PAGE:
The polyps are rarely present before puberty but are generally detectable by the age of 25. If left untreated, colorectal cancer will have appeared in almost all patients by the age of 40.
There are families with a hereditary predisposition to colorectal cancer who have no evidence of polyps in the large bowel. There are several groups of people who have a risk as high as 50% for the development of colorectal cancer.
Their cancers arise in a particular part of the large bowel, higher up than normal, in an unusually high frequency. These same families often include patients who have multiple primary cancers. There is a particular associated between colorectal cancer and cancer of the womb (endometrial cancer) in women for example.
Again the trait is transmitted as a dominant gene and the average age for the appearance of the cancer is under the age of 50, a good 10 to 15 years earlier than for the general population.
Screening, genetics and cancer
People who have a family history of either polyposis or non-polyposis colorectal cancer should have regular and intensive screening, certainly from their early 20s.
This screening should include direct visualisation of the bowel through an endoscope since simply looking for blood in the stool is not adequate.
Fairly simple for colorectal cancer. Those with a family history of breast or ovarian cancer do not have such a simple decision, since both who to screen and what to do with the results are not simple questions.
Who should be tested?
Most cases of breast cancer are sporadic, that is, not inherited. So how do you know if you should think about testing?
In order to determine whether you should be tested your specialist will take an extensive family history, looking for the following features:
Early onset of breast or ovarian cancer, which is a common feature of hereditary cancers. Early is considered younger than 40 to 45 in breast cancer and younger than 50 in ovarian cancer.
Anyone with multiple primary cancers and associated cancers should be considered. The occurrence of breast and ovarian cancer in the same person is strongly indicative of an inherited cancer. If family members have ovarian, pancreatic, colorectal, prostate cancer, or breast cancer in both breasts then there is more likely to be a mutation of BRCA1 or 2 present.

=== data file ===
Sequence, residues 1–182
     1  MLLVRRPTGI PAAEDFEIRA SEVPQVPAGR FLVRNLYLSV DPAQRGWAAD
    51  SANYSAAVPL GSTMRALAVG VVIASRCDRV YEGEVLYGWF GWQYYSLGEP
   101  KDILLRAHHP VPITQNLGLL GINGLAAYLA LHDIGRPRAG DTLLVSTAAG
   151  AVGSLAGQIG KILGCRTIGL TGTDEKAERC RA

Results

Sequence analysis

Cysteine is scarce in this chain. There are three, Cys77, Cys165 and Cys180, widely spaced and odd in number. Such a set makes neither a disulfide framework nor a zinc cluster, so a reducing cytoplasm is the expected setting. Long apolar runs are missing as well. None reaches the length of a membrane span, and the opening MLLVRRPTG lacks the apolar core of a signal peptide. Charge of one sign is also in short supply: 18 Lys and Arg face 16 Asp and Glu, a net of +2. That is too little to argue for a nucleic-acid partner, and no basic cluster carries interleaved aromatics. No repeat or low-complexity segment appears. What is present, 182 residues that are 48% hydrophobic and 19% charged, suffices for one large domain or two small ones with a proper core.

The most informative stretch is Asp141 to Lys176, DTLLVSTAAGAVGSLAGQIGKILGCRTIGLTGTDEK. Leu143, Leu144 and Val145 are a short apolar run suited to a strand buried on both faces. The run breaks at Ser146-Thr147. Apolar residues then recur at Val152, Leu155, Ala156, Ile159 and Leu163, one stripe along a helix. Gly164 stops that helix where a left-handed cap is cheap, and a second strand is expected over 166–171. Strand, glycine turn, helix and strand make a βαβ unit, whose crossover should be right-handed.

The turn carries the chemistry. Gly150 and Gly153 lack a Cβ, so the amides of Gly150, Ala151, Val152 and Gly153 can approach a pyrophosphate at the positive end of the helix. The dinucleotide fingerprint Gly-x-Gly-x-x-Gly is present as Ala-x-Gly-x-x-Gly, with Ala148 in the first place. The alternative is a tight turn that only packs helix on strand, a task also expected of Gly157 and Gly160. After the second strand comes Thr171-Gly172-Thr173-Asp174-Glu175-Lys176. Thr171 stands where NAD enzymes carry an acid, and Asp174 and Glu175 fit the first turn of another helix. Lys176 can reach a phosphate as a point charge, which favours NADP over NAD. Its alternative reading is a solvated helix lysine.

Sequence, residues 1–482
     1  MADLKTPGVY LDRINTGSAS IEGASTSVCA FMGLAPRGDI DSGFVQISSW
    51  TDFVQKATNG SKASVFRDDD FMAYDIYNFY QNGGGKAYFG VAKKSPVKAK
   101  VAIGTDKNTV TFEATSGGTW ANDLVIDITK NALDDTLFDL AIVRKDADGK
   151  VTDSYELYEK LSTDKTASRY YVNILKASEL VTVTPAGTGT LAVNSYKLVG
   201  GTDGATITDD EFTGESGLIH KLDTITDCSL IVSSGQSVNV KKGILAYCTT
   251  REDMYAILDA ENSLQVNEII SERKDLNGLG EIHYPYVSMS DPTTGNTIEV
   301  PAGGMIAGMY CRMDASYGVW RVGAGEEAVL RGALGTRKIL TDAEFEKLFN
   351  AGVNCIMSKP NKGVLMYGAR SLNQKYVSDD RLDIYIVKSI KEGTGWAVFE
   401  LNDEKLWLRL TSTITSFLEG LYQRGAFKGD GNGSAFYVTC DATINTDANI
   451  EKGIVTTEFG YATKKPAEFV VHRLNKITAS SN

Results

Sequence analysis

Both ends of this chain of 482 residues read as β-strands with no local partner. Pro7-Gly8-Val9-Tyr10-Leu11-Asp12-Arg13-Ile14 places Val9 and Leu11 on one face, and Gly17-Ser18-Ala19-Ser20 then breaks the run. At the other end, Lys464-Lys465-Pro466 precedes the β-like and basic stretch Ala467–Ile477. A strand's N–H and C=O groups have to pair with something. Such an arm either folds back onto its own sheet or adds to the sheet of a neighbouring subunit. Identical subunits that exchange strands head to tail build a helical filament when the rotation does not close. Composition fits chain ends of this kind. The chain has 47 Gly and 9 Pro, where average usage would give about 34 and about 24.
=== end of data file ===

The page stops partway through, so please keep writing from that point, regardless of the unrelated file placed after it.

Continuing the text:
Breast and/or ovarian cancer in two or more first-degree relatives or in at least two generations, suggests hereditary cancer.
Affected daughters of male relatives should also be considered, since men have the same chance as women of passing the gene on to their children, even though they have a lower risk of cancer themselves.
An autosomal dominant pattern of inheritance. This means that on taking the family history it becomes apparent that the mutation is passed down through men and women, each having a 50% chance of passing the mutation to his or her children. Cancers can skip generations because 15 to 45% of female carriers never develop cancer, and male carriers have a low risk of cancer. However, these people can still pass the mutations on to their children.
People of Ashkenazi Jewish origin, that is from Central or Eastern Europe, have an increased frequency of mutations of BRCA1 and BRCA2. These mutations have also been found in Jewish families without a strong family history of cancer.
What do the test results mean?
Before testing, all patients must insist on full counselling by an experienced genetic counsellor.
There is more than one possible outcome to testing, including an "inconclusive" outcome. What are these?
A known mutation is identified - a "true positive" result. In this case testing has shown a mutation clearly associated with an increased risk of breast or ovarian cancer shown by family history.
No carrier state found - a "true negative" result. In this case no mutation is found. This is only a true negative if it is found, for example, in a healthy woman whose aunts have tested positive, but who has no history of cancer on her mother's side of the family. Despite the fact that her aunts have tested positive, she obviously has not inherited the mutation from her father, and there is no indication that it is present in her mother's family.